The Kia EV6 is a great car. It’s reasonably priced, comfortable, offers as much as 310 miles of range and looks cool with its big ol’ ducktail on the back. But Kia knows it’s not enough to just be a good all-rounder in a world of high-performance electric cars. No, you’ve gotta be quick, too. Hence the introduction of Kia’s new halo electric car, the EV6 GT.
The EV6 GT is broadly similar to the GT Line model directly below it, but where it differs primarily is in the drivetrain. The GT takes the rear drive unit from the GT Line and puts it on the EV6’s front axle. Kia then adds a more powerful drive unit to the GT’s rear axle, which brings the EV to a maximum output of 576 hp and 545 lb-ft of torque – improvements of 256 hp and 99 lb-ft compared to the GT Line. Kia also gave the GT a new chassis tune complete with adaptive dampers, as well as a set of Goodyear Eagle F1 summer tires and 21-inch wheels, all of which attempt to make the EV6 a speed machine. But it’s not entirely successful.
Yes, with its 3.4-second 0-to-60-mph time and 161-mph top speed, the EV6 GT gives you a lot of straight-line performance for your money. Problem is, the chassis can’t quite handle the GT’s newfound power. The adaptive damping offers good overall ride comfort, yet even in its stiffest setting, the chassis struggles to control the GT’s 5,732-pound bulk when trying to hustle around corners. Throughout a day testing in and around Las Vegas, I’m never really comfortable pushing this car.
The EV6 GT doesn’t exactly embarrass itself, but it never feels settled or planted. On top of that, the Goodyear Eagle F1 tires scream their guts out at the slightest whiff of aggressive turn-in or throttle application. Kind of like the Kia Stinger, the EV6 GT is a quick, powerful grand-ish touring machine, but not a sports car.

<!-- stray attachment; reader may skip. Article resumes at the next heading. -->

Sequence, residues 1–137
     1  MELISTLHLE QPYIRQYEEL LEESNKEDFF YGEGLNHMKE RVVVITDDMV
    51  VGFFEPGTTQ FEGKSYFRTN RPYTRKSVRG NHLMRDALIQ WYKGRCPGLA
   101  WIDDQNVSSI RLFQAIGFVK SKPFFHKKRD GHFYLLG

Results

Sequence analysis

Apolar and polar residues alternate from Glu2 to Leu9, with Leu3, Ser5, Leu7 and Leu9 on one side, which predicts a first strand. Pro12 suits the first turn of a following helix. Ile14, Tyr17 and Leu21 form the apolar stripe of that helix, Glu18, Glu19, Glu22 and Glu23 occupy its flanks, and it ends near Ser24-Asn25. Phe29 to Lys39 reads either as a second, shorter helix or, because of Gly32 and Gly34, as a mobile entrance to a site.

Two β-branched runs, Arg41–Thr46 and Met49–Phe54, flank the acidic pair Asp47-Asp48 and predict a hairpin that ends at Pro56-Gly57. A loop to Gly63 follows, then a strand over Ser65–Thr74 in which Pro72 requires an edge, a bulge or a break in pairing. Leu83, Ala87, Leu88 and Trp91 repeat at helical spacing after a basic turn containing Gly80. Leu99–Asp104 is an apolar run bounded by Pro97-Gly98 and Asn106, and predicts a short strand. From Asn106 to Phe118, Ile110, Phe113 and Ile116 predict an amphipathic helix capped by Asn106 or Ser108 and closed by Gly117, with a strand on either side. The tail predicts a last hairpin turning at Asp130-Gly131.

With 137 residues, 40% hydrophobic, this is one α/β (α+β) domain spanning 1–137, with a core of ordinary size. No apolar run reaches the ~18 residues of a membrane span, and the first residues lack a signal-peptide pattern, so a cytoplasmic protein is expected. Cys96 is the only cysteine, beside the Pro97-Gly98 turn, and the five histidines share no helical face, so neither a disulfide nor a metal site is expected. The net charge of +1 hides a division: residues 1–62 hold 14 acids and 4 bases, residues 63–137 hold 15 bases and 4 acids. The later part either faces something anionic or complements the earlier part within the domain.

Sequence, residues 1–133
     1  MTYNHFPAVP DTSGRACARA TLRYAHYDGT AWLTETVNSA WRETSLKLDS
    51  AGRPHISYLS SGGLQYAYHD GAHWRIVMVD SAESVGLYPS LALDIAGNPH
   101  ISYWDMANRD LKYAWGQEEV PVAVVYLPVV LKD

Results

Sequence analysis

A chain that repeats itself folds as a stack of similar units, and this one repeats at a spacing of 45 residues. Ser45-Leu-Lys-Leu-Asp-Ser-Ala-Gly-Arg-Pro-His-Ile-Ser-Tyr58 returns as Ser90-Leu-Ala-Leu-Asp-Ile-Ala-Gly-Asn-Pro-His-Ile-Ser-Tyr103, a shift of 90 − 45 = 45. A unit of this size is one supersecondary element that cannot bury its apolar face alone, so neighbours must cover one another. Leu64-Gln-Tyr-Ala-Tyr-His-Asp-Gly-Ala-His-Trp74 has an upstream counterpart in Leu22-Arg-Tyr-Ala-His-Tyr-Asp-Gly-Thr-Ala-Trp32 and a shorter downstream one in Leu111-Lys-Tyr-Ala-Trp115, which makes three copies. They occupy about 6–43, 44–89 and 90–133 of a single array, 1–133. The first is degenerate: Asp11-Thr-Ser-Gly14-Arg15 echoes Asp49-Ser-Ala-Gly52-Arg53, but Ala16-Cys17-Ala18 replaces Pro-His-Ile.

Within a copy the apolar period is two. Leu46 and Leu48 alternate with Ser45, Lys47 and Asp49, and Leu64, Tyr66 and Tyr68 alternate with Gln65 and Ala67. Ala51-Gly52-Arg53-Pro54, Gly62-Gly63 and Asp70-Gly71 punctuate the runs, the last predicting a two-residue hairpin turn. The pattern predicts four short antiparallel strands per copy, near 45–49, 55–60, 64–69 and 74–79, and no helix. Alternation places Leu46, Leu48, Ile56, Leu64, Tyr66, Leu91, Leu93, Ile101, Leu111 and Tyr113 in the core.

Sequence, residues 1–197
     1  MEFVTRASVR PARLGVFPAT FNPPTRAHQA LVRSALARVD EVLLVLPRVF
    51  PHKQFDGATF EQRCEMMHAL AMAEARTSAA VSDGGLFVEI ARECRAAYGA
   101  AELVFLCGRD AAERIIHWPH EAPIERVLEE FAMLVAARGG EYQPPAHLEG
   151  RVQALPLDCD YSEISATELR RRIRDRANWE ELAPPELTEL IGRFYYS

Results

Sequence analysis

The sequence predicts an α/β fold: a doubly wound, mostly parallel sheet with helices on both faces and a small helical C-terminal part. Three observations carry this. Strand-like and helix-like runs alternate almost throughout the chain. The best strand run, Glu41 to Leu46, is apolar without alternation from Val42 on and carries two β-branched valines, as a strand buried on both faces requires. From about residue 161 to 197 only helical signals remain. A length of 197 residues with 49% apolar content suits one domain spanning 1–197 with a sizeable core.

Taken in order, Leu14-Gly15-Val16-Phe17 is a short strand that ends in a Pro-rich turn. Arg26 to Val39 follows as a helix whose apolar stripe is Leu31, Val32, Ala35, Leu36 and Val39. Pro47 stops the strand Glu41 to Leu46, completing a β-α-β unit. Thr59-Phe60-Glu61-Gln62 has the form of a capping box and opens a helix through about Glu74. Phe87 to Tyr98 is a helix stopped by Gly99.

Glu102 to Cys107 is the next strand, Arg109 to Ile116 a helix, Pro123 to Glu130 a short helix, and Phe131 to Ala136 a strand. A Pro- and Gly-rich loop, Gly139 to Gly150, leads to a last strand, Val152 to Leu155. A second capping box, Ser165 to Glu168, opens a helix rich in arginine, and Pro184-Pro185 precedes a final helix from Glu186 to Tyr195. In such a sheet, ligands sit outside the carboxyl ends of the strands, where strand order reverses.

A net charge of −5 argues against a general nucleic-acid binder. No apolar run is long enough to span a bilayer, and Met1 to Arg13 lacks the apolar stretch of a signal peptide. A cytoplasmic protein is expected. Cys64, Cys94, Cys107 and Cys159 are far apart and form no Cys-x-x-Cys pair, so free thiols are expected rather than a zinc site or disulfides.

Among the other features that set the EV6 GT apart from its more sedate siblings is a new drive setting, unimaginatively called GT Mode. Available at the push of a button, GT Mode gives drivers access to the GT’s full 576 hp when you have more than 70 percent battery charge, and then tapers it off from there. That’s right, according to Kia, you only get 287 hp when driving in Eco mode and 430 hp in Normal and Sport modes.
More importantly, activating GT Mode also gives you an extra 0.2 g of regenerative braking force to play with. The standard modes give 0.4 g of braking force, so the additional energy recuperation is noticeable on a spirited drive and should help extend the life of the mechanical brakes.
When it initially launched last year, the EV6 lacked a battery preconditioning feature to help speed up DC fast charging times. Kia added this feature on the GT, but the bad news is that it’s tied to the car’s navigation system. Put a fast-charge station into your nav system and the car will know that you want to charge, and will start preconditioning the battery at the appropriate time. But what if you want to use the nav software built into Apple CarPlay or Android Auto? You’re out of luck for now.
Standard neon green brake calipers and interior accents are the biggest visual differentiators between the EV6 GT and lesser trims. Also exclusive to the GT are some well-bolstered sport bucket seats, which are great for keeping you upright and stable on a track, but aren’t chairs I’d want to have on a long road trip. These seats are a little narrow and stiff, and I’d like a lower seating position. It’s an oddly tall and upright setup for a sporty car, but then again, the EV6 GT is just a quicker-than-normal electric crossover.
Kia is asking $62,695 for the 2023 EV6 GT, including $1,295 for destination. While it’s certainly not a bad car, I have to ask: Who is this for? Will the average electric CUV buyer miss the GT’s 576 hp? On a day-to-day basis, probably not, because all EVs are exciting and quick off the line. Instead, buyers are a lot more likely to miss the 46 miles of range that the GT loses compared to the AWD GT Line, and they’ll definitely notice the 104-mile drop between a RWD GT Line and the AWD-only GT. Don’t forget, the GT is also $4,000 more expensive than an AWD GT Line, too.
The bottom line is that Kia built something exciting: The quickest and most powerful production car in the brand’s history. But it’s not in the sort of package you might expect. The EV6 GT isn’t a bad car – far from it – but it’s not good enough to justify the range and price sacrifices that the horsepower demands.